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President Donald Trump's businesses don't seem too concerned about "America First."
A Vox analysis of hiring records for seasonal workers at three Trump properties in New York and Florida revealed that only one out of 144 jobs went to a US worker from 2016 to the end of 2017. Foreign guest workers with H-2B visas got the rest.
The H-2B visa program allows seasonal, non-agricultural employers — like hotels and ski resorts — to hire foreign workers when they can't find American ones. The Trump administration temporarily expanded this guest-worker program in 2017 while restricting other avenues of legal immigration, including the H-1B program for high-skilled workers.
The Trump Organization is exactly the kind of company that relies on the H-2B visa program for low-skilled workers.
Vox reviewed recruiting files submitted to the US Department of Labor for two Trump properties in Florida (including Mar-a-Lago) and one in New York from the start of 2016 through the end of 2017. In that period, hiring managers said they were able to find and hire only one qualified American worker — a cook — for 144 open positions for servers, cooks, housekeepers, and bartenders.
A review of properties listed in a 2016 Business Insider report indicates Trump owns 17 major hotels and clubs in the US. A search of the Department of Labor database revealed three that applied for H-2B visas in 2016 and 2017.
Under the H-2B program, employers must first try to hire American workers — or legal immigrants already in the United States — at reasonable wages for their openings. If they can't find qualified US workers, then employers can ask the Department of Labor for permission to hire foreign guest workers on H-2B visas. Documents show that hiring managers at the Trump establishments made the minimum efforts required by law to recruit US workers.
While many businesses may truly struggle to find local workers and rely on foreign workers to fill slots, the hiring practices at Trump's properties certainly are out of step with his "America First" rhetoric and policies.
"If the president says 'hire American,' then the president's businesses should hire American," said Bruce Morrison, a Democrat and former Congress member from Connecticut who helped write the Immigration Act of 1990, which placed limits on the H-2B visa program.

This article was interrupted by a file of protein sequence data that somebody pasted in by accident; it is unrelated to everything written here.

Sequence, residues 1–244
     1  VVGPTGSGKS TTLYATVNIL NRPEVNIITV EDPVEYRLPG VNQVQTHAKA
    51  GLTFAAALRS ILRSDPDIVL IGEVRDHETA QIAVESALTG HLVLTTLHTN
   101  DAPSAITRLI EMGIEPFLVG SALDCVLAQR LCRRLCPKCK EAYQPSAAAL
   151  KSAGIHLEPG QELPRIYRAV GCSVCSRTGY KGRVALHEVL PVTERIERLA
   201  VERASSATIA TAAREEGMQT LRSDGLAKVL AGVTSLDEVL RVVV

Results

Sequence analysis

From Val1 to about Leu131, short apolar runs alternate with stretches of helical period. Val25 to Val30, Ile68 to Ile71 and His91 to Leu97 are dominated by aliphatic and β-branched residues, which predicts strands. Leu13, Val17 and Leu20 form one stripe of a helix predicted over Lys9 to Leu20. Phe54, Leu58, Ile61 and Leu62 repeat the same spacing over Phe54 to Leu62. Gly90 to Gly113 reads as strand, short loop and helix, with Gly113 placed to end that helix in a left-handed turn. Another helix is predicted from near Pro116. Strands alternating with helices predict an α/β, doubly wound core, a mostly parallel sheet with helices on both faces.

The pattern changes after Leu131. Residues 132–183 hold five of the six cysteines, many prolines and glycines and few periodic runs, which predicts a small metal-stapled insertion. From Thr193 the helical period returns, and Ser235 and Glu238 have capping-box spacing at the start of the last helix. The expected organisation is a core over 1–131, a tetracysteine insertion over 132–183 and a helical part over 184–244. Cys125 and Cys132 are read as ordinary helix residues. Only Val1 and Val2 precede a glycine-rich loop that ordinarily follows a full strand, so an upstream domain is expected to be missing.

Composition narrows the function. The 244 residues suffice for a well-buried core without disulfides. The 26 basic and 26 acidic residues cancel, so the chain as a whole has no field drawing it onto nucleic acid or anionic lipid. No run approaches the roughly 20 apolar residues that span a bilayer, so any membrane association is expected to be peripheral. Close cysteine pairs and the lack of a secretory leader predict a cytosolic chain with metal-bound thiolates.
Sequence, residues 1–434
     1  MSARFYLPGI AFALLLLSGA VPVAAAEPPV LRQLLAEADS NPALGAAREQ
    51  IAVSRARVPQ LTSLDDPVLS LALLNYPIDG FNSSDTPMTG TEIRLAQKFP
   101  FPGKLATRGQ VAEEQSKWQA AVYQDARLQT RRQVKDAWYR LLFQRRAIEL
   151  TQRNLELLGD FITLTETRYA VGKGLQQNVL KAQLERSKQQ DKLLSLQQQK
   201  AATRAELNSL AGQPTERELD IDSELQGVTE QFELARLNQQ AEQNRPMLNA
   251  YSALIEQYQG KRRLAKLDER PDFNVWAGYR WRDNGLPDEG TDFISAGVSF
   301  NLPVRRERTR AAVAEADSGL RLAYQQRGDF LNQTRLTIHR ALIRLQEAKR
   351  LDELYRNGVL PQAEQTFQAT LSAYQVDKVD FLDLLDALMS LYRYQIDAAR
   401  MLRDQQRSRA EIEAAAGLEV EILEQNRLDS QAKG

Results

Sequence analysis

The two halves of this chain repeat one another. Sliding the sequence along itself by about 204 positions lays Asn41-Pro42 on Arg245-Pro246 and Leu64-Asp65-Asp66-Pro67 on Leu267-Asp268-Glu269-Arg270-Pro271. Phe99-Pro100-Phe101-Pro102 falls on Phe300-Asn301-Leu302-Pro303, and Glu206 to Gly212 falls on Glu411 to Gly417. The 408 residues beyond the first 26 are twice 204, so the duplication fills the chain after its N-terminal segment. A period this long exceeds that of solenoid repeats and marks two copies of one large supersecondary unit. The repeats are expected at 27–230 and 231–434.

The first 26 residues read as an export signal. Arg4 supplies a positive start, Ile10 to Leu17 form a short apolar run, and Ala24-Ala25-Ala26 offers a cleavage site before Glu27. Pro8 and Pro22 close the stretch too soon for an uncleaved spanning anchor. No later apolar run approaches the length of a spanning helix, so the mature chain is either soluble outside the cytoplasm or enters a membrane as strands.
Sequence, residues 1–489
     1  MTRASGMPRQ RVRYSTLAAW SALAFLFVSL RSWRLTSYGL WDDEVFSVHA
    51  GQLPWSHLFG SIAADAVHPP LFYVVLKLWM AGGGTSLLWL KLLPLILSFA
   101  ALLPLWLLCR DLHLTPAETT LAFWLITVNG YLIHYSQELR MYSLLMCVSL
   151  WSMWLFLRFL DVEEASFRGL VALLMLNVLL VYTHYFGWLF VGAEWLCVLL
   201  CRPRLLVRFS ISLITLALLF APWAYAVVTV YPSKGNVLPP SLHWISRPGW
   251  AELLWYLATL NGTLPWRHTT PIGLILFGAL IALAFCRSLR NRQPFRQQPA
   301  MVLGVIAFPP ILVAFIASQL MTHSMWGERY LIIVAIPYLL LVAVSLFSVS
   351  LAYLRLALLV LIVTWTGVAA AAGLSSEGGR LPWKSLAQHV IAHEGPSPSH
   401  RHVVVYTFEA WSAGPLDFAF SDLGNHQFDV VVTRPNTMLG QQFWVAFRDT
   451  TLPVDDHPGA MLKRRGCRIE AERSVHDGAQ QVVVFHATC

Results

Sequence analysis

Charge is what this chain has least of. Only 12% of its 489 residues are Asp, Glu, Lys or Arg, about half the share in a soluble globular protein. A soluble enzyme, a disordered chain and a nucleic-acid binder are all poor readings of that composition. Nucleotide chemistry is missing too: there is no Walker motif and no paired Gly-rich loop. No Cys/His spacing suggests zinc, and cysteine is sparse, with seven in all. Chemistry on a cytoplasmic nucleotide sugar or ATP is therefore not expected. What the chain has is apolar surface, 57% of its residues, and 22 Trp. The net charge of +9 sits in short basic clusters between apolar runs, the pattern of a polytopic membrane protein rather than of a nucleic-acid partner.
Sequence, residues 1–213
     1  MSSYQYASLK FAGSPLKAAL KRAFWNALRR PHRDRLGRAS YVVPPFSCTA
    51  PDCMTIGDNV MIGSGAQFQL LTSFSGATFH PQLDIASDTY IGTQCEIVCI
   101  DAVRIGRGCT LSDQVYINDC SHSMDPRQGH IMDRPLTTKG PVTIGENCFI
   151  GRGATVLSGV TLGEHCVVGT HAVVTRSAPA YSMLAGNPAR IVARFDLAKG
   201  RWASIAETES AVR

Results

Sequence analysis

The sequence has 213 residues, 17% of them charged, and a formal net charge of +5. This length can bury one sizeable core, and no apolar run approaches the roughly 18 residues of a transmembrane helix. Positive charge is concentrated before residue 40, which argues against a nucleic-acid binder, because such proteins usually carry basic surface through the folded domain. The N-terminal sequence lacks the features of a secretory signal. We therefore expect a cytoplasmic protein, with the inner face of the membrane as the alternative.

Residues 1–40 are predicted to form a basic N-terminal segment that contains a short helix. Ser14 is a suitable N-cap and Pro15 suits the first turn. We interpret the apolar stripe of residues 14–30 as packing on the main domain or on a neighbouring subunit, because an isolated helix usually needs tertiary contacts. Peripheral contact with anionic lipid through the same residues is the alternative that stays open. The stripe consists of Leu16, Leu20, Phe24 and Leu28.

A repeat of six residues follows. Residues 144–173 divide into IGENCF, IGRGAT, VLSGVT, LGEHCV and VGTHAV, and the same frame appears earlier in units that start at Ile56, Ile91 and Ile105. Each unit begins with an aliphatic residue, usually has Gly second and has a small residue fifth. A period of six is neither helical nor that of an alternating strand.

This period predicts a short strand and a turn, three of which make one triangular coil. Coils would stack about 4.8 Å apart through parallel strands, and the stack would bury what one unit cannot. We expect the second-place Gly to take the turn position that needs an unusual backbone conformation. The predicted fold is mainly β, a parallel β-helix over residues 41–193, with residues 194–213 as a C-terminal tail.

Mark Krikorian, executive director of the Center for Immigration Studies, which advocates for immigration restrictions, said he was "displeased" when Trump temporarily expanded the H-2B program in 2017. He said Mar-a-Lago is just using the program how other employers use it: as a way to avoid paying higher wages or offering more benefits to attract American workers.
"It's a bullshit law written to ensure that employers don't have to hire Americans," said Krikorian, who normally applauds the president's immigration agenda.
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Unemployment in the Miami area has been low in 2016 and 2017 (4.5 percent as of December 2017), and it's harder for employers in South Florida to find workers now than a few years ago. But Vox spoke to several labor economists in the state who were nonetheless puzzled that hotels or clubs would have such a hard time finding any service workers to hire.
"It doesn't make sense," said Tobias Pfutze, an economics professor at Florida International University in Miami. "I haven't heard anything about there being a labor shortage. The service labor market here is very flexible."
In August 2017 alone, Mar-a-Lago in Palm Beach (Trump's "winter White House") sought permission to hire 70 servers, housekeepers, and cooks for eight months starting in October, according to recruitment reports submitted to the Department of Labor. In the paperwork, the club's hiring manager explained the reason the club needed to hire temporary workers:
Our temporary need is defined as a peak-load need and stems from the fact that The Mar-a-Lago Club operates in accordance with a private charter and is open to the membership throughout the year but with a well defined peak season between the months of October and May of every year. The period during which the foreign national's services are needed is not unpredictable, subject to change or considered to be a vacation period for our employees who are hired on a permanent basis.
Based on the paperwork submitted, the hiring manager fulfilled the minimum effort required by law to try to find American workers first: place an ad in the local newspaper for two days, notify past employees of the openings via US mail, and post the job notice in a visible place at the club for current employees to see. Employers are required to pay the average local wage for the advertised position. Mar-a-Lago offered $10.33 per hour for housekeepers, $13.43 for cooks, and $11.88 for servers (no tips).
After waiting the required month, the hiring manager at Mar-a-Lago reported that only seven US workers responded to the newspaper job ads, and that they were either unqualified, uninterested, or did not return calls.